HI-RES£11.54£16.49(30%)
CD£7.69£10.99(30%)

Classical - Released March 17, 2011 | Alpha

Hi-Res Booklet Distinctions Hi-Res Audio
This release stands out from among both the dozens or hundreds of available recordings of Mozart's Requiem in D minor, K. 626, and from among the recordings in the catalog of France's Alpha label. On the latter count, while most of Alpha's recordings have been historically oriented, this one falls into glorious Russian tradition of luxurious expression, and the usual art-historical essay included with Alpha's discs is missing here (although the packaging does bear some gorgeous Byzantine iconography). The recording pairs four western European soloists, who traveled all the way to Novosibirsk for the lengthy recording sessions, with the New Siberian Singers and the chamber orchestra MusicAeterna under its conductor, Teodor Currentzis. This is not a large choir (33 singers), but it has the rich sound associated with Russian opera choruses, which is what this group does as a general rule. If you're thinking this sounds a bit like Mozart as conducted by Rachmaninov, you're about right, especially in the sections where the dying Mozart seems to gaze into the fires of hell. The considerably more delicate soloists, especially alto Stéphanie Houtzeel, make a vivid contrast with the choir in this deeply colored, almost raw performance, which is nevertheless very carefully done in its details and sonically matched to the Novosibirsk opera house where it was recorded. By any measure this choir is a striking new talent. © TiVo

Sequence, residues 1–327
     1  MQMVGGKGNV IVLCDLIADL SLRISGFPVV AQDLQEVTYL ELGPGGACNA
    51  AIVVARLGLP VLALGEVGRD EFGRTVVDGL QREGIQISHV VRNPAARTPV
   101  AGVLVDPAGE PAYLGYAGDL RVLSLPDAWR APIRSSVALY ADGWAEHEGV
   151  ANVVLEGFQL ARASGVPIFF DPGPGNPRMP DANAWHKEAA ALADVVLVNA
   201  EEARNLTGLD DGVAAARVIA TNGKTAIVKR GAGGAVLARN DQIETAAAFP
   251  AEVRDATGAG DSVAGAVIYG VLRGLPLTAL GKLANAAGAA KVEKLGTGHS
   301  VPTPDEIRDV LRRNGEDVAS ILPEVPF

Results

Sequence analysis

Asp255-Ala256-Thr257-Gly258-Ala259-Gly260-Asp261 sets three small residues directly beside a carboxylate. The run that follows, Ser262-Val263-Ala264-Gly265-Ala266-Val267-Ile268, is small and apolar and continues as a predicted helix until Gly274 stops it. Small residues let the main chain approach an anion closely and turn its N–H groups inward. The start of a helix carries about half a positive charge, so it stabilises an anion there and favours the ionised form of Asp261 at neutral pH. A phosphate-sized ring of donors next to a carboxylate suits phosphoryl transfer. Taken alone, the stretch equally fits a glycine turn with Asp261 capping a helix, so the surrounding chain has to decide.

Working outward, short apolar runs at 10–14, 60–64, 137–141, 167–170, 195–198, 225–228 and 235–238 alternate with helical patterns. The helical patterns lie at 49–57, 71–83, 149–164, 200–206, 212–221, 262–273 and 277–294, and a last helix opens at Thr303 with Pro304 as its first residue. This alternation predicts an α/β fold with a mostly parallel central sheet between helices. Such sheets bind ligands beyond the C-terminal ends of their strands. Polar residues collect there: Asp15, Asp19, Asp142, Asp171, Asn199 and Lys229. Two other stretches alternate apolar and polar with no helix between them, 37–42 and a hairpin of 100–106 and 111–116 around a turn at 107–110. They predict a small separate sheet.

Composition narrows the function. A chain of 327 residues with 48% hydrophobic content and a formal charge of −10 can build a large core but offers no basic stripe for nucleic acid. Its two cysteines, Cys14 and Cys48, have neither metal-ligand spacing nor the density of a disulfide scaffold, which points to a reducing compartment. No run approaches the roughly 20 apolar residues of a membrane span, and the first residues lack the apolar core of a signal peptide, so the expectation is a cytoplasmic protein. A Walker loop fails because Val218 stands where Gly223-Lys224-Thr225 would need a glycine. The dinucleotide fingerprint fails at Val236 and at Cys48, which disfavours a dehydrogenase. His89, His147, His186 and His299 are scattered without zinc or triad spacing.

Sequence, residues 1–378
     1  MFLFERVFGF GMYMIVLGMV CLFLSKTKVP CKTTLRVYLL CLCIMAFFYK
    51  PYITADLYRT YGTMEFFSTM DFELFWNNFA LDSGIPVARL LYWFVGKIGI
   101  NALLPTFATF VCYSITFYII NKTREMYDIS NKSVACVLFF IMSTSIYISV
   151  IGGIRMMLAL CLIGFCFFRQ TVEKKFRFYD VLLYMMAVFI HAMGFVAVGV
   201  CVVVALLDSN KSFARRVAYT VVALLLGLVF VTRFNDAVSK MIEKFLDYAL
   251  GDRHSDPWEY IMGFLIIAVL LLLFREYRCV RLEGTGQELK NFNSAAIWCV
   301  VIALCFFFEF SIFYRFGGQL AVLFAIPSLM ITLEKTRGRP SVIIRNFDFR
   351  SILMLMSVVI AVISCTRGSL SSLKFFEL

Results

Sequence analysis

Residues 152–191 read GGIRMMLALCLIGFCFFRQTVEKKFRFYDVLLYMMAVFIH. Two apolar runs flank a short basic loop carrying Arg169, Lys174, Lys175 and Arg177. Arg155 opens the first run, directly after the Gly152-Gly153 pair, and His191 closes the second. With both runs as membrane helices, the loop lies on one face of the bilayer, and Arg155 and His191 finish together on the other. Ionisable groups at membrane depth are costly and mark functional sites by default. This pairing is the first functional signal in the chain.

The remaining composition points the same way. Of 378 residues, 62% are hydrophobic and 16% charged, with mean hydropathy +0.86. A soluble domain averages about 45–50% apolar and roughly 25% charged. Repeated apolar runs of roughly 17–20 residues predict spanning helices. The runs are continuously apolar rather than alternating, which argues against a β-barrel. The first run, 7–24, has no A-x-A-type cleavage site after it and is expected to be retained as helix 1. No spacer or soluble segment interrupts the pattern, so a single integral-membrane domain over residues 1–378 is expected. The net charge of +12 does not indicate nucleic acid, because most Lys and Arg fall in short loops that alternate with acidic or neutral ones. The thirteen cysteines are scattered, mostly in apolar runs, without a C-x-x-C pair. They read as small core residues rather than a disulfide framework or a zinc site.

HI-RES£14.99
CD£10.49

Duets - Released February 7, 2020 | harmonia mundi

Hi-Res Booklet Distinctions 5 de Diapason
Using period instruments, Isabelle Faust and Alexander Melnikov breathe new life into these ‘sonatas for keyboard with violin accompaniment’, a tradition Mozart renewed from within, blazing the trail for Beethoven, Schubert and Schumann. The first volume was widely praised: ‘The greater similarity of tone between Faust’s sparkling violin and Melnikov’s glittering fortepiano (within an airier acoustic) results in a sound more akin to the jingling of small bells. It’s delicious’ (Gramophone). ‘In a world full of star violinists, all with technical facility and individual style, it’s rare to find one that everyone agrees is just – brilliant. Isabelle Faust is that violinist’ (The Strad). © harmonia mundi
HI-RES£10.49£14.99(30%)
CD£6.99£9.99(30%)

Classical - Released April 23, 2013 | Ambronay Éditions

Hi-Res Booklet
HI-RES£22.99
CD£16.49

Classical - Released August 2, 2019 | Deutsche Grammophon (DG)

Hi-Res Booklet